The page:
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Friday, February 1, 2013

THE GAMBIA: TWIST IN WORKWEEK CUT


President Jammeh is bestowed with a wide-range of executive powers - from hiring and firing to changing the nomenclature of institutions or workdays and hours/Photo: Wikipedia

 Front Page International (FPI) - After a low key public debate in the print media and the social media mainly against the presidential workweek-cut and work-hour rise in The Gambia, the executive have partly rescinded on the idea.

Locals believe the decision by President Yahya Jammeh to cut working days from five to four (Monday to Thursday) and increased working hours per day from eight to ten (8am-6pm) last week was done without “properly” looking into its impact on workers.

The new presidential order announced on Jan. 18 is set to take effect from February 1, 2013, but another presidential directive of Jan. 30 says the private sector and businesses can work on Fridays.

The new order also allows certain public agencies like Gambia Revenue Authority and Gambia Ports Authority and the security services. Hospitals are also included though they have “generally” expected to operate with or without a workweek cut or public holiday.

But Wednesday’s directive says all permanent secretaries and heads of departments should stringently adhere to the new working arrangements.  
It urges heads of departments to reinforce the staff attendance register and regularly monitor lateness and absenteeism in line with Public Service Commission and the General Orders.

Halt

The secretary general of The Gambia Workers Confederation Pa Modou K.B. Faal has asked President Jammeh to “halt” his impromptu executive order tocut the workweek.

Mr Faal calls for a decent work country programme and requested the government to dialogue with its partners on the workweek-cut.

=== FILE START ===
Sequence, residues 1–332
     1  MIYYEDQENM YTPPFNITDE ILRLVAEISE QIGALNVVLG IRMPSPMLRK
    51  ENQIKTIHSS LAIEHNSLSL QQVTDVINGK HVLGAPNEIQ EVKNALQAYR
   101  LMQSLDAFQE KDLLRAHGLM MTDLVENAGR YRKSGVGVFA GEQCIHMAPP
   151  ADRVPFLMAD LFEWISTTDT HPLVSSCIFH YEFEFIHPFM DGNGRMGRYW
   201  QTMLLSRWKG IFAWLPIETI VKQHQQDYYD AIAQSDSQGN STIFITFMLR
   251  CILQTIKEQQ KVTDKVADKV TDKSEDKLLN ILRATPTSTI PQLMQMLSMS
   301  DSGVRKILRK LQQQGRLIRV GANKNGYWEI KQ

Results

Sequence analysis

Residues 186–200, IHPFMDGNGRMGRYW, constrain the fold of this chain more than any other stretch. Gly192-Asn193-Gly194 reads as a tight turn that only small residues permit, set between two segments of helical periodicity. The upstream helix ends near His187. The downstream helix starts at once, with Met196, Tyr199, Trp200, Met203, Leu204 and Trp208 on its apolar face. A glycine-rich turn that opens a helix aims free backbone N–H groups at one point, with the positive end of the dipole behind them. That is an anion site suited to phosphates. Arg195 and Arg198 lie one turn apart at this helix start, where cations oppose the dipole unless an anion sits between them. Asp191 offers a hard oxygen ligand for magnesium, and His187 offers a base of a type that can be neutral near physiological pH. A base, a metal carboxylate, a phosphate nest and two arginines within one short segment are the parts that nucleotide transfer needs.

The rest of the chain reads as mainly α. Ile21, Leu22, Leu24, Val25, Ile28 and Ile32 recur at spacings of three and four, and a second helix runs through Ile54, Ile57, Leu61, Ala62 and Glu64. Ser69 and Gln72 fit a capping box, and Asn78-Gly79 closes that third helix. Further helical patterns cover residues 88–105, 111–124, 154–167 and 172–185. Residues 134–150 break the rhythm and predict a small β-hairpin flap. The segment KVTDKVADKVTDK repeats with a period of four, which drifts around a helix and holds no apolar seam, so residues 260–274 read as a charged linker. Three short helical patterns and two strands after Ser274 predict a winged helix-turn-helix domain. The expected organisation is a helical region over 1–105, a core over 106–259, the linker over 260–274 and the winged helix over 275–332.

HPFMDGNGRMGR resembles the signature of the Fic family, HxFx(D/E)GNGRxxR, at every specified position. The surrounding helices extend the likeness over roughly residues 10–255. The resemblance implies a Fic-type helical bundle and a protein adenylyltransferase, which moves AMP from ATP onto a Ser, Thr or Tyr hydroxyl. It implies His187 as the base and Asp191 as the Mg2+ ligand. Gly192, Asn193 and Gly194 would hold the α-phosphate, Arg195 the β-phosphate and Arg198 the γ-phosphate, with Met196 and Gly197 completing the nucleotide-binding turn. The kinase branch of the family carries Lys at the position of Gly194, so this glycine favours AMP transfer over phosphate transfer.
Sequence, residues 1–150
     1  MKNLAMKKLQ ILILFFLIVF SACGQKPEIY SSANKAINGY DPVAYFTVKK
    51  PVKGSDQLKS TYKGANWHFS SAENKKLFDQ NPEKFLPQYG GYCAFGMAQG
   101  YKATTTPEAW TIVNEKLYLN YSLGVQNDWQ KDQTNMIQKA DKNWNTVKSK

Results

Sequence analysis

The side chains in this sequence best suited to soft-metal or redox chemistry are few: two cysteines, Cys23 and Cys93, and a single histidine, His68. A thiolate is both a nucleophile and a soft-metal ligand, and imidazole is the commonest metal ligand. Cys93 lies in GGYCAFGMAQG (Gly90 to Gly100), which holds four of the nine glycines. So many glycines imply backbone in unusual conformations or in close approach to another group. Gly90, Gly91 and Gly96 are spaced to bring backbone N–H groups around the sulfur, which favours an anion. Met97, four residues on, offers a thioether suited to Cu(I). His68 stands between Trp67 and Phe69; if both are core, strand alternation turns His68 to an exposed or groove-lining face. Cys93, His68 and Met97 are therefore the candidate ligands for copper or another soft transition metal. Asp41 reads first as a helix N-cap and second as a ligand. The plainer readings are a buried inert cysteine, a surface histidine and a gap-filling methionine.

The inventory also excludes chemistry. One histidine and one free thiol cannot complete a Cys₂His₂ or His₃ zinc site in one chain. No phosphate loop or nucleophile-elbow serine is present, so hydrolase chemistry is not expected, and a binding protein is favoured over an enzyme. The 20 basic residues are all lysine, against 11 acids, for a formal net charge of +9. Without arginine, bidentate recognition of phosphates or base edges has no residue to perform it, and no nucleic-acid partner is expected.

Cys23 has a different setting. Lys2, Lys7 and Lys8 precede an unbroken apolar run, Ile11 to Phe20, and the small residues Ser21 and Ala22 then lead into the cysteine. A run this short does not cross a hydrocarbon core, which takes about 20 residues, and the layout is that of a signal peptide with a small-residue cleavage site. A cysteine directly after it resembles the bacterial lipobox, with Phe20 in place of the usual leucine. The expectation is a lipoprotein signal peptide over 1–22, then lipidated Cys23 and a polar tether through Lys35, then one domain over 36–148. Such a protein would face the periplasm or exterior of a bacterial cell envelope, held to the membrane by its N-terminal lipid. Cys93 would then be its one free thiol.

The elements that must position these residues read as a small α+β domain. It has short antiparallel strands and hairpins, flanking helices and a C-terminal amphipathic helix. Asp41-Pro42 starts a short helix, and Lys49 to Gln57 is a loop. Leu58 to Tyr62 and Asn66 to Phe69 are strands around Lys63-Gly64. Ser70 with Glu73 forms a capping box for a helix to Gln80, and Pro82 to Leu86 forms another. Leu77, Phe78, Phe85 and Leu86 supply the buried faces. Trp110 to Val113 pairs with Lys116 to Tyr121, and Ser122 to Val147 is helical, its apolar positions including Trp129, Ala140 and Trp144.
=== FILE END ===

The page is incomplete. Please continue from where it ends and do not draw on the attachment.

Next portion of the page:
Many Gambians found the new work schedule to be “strange” but the Office of President Jammeh said the decision is meant to set Friday - a rest, worship and farming day for Gambians.

The presidency argued the new work system will allow Muslims to worship Allah (God) and give people “more time” to partake in agricultural work – citing President Jammeh’s “back to the land call” for Gambians to “grow what you eat and eat what you grow”.

Divisions of The Gambia
Regions of The Gambia (Photo credit: Wikipedia)
Twist

Banks and Foreign Exchange Bureaus in the West African country, the smallest in mainland Africa, operate six days a week, from Monday to Saturday.

Had there not been a twist on the new official work schedule, financial businesses and people were most likely to be affected because the changes mean their business days will be cut to five.

“The country will be shutting down for a whole day while most parts of the world continue in active business and financial transactions,” business and financial journalist Lamin Jahateh observed. 

Earlier the Office of the President said banks can operate on Saturdays to compensate for the lost Fridays, but if not for the revision, the fact is that they will still be deprived of one work-day. 

Room for party

But some locals have already added good reasons, at least to them, in welcoming this latest development.

The week ends Thursday, so we have from Friday to Sunday to train and play friendly matches in preparation for the upcoming qualifiers for the “Nawettan” (non-league soccer championship), says Lamin Sonko, who claims to be Argentine prodigy Lionel Messi.

“If it is for prayer and farming, that is good,” said Ismaila Manneh. “I am afraid people (civil servants) could become work-shy knowing they have three days off instead of the usual Saturday and Sunday.
I hope it will not create more room for partying – people need to work harder because things are getting tough in this country, he said.

But one street hustler who is unmoved by the workweek-cut and work hour-rise is Momodou Barry.

“I work every day and will continue to work every day, holiday or no holiday,” he said. “Even if the official working days are reduced, am not working for the government.”

Unemployment records are high in the poor country currently engaged in a dialogue stalemate with the European Union over human rights and governance.   
The executive has a history of introducing new “unworkable” regulations only to rescind later.


In the past, a change on the portfolios of the Cabinet Members from “Ministers” to “Secretary of State” was also rescinded.


Written by Modou S. Joof

 
 
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